Identify needs, goals and limitations. Operators should consider the equipment and locations with which they want to communicate. Additionally, they must understand the future communication plan. As a starting point, it is important to speak with managers and other internal personnel in the organization and understand the efforts that have been made to date on the communication front, the challenges that have been overcome and the lessons that have been learned. The IT department is a great place to start. It also may be helpful to seek out external trusted sources that have recently gone through the process, and learn from their planning successes and failures. From this information, operators can identify the needs of the system and better understand inherent limitations.  

Identify budgetary concerns or restrictions. After determining the communication network’s requirements, the next step is to analyze its costs. It is important for operators to know how much they can spend for capital expenditure and operating costs. Many costs are hidden in the actual rollout and long-term support of a system. Depending on the technology, the initial purchase (budgeted capital dollars) sometimes is dwarfed by the cost of maintaining a system (operating budget). Know which support is available from both the seller and the manufacturer, including warranties and “promises.” 

Know the market and available technologies.
Research all available options to learn what is available now and what is going to be available in the future. It may be helpful to talk with colleagues or attend association meetings or tradeshows. Each manufacturer and technology has advantages and disadvantages, so investigating as many options as possible is essential. An operator can benefit from learning how various generations of products from the same manufacturer work. If, for example, a radio manufacturer is not compatible with past, current and future generations, an operator needs to work with the manufacturer to figure out a strategy for upgrading when the network needs to be expanded.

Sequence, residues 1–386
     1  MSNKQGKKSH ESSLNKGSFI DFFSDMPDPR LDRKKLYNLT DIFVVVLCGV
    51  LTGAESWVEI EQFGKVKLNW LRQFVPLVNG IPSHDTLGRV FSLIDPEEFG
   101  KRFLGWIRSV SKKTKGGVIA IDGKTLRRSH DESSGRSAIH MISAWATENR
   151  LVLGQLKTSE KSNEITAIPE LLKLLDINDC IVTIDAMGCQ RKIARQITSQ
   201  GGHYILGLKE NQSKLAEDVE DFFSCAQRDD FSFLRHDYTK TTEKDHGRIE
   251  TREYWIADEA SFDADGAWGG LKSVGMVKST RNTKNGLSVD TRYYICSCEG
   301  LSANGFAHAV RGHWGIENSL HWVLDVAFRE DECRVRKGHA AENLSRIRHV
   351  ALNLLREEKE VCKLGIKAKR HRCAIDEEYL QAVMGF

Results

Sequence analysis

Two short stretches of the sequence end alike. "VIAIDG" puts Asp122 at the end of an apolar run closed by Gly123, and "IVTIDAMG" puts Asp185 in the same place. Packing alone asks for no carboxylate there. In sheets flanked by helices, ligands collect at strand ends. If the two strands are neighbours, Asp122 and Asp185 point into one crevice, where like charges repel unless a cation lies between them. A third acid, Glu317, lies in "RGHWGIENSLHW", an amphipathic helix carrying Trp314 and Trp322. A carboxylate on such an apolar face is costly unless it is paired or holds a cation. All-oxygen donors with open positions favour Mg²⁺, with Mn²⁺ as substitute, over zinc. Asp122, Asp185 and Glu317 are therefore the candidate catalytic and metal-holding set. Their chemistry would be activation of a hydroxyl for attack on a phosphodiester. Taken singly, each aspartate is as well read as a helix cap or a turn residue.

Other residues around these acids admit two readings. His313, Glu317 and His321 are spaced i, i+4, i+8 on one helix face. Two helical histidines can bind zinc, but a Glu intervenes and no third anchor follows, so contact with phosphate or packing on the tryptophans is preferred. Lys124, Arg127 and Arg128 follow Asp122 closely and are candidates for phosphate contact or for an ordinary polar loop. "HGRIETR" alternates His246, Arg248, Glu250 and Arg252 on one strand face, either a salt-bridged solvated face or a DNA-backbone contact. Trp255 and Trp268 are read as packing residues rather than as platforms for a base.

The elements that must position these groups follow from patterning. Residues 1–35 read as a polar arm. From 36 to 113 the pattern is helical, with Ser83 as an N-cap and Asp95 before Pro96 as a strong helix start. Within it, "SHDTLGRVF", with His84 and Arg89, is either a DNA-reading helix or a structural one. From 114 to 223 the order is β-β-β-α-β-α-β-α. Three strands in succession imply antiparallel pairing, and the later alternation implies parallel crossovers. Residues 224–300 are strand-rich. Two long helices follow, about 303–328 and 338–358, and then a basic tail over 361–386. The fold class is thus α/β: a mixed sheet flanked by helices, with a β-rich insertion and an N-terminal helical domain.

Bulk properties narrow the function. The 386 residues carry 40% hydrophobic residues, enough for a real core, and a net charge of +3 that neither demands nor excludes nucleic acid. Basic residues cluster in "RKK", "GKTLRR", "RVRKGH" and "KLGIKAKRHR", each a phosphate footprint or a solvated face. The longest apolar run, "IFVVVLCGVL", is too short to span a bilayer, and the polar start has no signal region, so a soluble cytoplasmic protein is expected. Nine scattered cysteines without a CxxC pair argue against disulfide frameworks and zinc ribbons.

It also is important to understand the interoperability between devices and vendors. If mobile access to a SCADA network is required, then it may be best to source a vendor that already has this capability integrated into its offerings. Another example is the need to piggyback slower licensed radio networks onto a faster 902- to 928-MHz frequency-hopping, AES-encrypted network. Operators need to be aware of how combining separate wireless networks of varying technologies and vendors is possible. These are just a few examples that show that a combination of technologies may be the best choice. 

System design, deployment and support. Taking the extra step of having path studies and network design models completed is key to success. Most reputable organizations will offer these services for little to no charge or will waive the fee if the operator buys the equipment. In addition, most vendors have networks of integrators, engineers and consultants who also can be utilized in this process. After reviewing the path study and network design information, an operator can focus on preparing a project plan that details the installation stages prior to actual deployment. Once the installation strategy is complete, an operator should evaluate the need for accessories—coaxial, antenna, surge protection, band-pass filters and proper sealing against the elements are just a few. 

Lastly, make sure the company that sold the equipment is committed to its success. It is not unreasonable to expect a dedicated technical contact that is available to assist you by phone 24 hours a day, seven days a week, 365 days a year.

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About the Author

Tony Milone